Recorded in Rome, the new studio album, COMMAND PERFORMANCE, was released in March 2015 by UK label TSB Records. The lineup includes guitarist Mario Monterosso, Giovanna Pizzorno, and keyboardist Raffaele Santoro. Falco’s exceptional voice, described by one journalist, as sounding like Marlene Dietrich under torture, evokes the phenomenal fires of the Panther Burns. This new album is a real statement of intent from a man and his band who hit new peaks of performance - showcasing not only stunningly varied selections of the obscure and the well known from the blues palette, but an amazingly broad selection of new original material as well.
Equal parts primal, early rock’n’roll, deviant hill country blues & avant-garde art - TAV FALCO’s PANTHER BURNS are ramshackle, raw, unholy & utterly amazing. Panther Burns is not just Music... it is a state of mind. Tav Falco is one of the truly original and romantic forces in American music - the voice that America lost and found. He is tender and virile, flamboyant, witty and dangerous. Falco brings daggers back to the stage. HE is the one who always holds out a hand to the enemy.
Jail Weddings/Sirens in the Night
Jail Weddings’ epic second full length is quite aptly titled. Meltdown: the flailing emotional implosion often borne of a triumvirate of frayed nerves, volatile substances and excessive external pressure is clearly evidenced in the words and music herein. But, there’s also a newfound sense of musical genres and histories mixing together like molten wax where the band’s signature Shangri-La’s, Bad Seeds, noir-hued pop merges with hazy psychedelia, bombastic rock and even essences of bizarre Eastern European folk. It’s the sound of a band that’s always been at the brink of self-destruction actually growing and thriving on its own chaotic impulses.
It’s now six years into something that wasn’t expected to last six months – this “thing” called Jail Weddings. While the songs have always been timeless and top notch, they’re also a band whose initial popularity often hinged on the fact that it could all fall apart at any given moment – with frequent dagger eyes or fistfights both onstage and off – where it was always clear to the audience that the high-drama of the songs often spilled into the band members’ own precarious lives. They are a group that audiences could live through vicariously, a band capable of not just inspiring listeners’ ugly catharsis, but often enacting its own in public. One of few that could claim they are not just a band, but a lifestyle all their own.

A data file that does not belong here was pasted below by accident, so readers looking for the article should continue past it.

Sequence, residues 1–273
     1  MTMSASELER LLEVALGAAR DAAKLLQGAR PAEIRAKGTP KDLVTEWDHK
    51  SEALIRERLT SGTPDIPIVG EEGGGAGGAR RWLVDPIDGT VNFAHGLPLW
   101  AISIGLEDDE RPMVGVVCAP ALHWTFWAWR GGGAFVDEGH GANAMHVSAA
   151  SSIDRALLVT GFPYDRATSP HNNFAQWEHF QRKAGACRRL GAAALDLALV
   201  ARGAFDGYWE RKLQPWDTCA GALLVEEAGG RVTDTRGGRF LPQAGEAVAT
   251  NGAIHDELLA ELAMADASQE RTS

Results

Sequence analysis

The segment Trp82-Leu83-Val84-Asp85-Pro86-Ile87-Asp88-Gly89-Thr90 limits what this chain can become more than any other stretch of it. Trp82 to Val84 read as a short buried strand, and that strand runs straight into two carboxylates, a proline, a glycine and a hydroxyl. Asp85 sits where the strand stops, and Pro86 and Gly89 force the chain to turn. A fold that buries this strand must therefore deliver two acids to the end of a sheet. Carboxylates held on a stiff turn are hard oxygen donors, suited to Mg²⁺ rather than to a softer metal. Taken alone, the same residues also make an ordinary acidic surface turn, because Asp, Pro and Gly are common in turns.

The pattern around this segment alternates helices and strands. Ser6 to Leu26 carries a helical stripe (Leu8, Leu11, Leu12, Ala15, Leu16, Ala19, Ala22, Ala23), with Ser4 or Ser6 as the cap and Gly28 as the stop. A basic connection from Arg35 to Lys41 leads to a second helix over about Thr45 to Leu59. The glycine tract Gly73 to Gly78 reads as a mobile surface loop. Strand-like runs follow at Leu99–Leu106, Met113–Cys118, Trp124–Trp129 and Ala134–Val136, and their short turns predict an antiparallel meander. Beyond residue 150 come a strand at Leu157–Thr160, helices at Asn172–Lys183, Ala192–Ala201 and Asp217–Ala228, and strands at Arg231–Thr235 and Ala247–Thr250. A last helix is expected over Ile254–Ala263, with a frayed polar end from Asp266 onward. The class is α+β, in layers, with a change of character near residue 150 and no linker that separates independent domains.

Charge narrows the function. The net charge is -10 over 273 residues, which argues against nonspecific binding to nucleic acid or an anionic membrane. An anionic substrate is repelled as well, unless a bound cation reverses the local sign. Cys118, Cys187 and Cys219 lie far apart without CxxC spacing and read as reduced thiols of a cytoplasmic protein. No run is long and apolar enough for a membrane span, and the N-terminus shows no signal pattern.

It was late 2012 when we had last checked in with frontman Gabriel Hart, who explained that last year’s Four Future Standards EP (described by VICE Magazine as “music to have knife sex to”) was also the gradual bridge to their more grandiose work-in-progress second full-length. Hart ensured that anyone who thought they were any sort of “party band” would be gravely mistaken upon hearing what they had been stirring up in their charred cauldron. Little did he know it would take well over 365 days to finish what he had started, where the stakes were raised, bank accounts drained, sanity/sobriety and sleep compromised, and their longtime rhythm section and one of their back-up singers lost…where towards the end it would cause him and his eight-headed collective to treat it with all the intensity a band would as if it was the last record they would ever record, even though their present locomotive momentum will prove at least that part otherwise.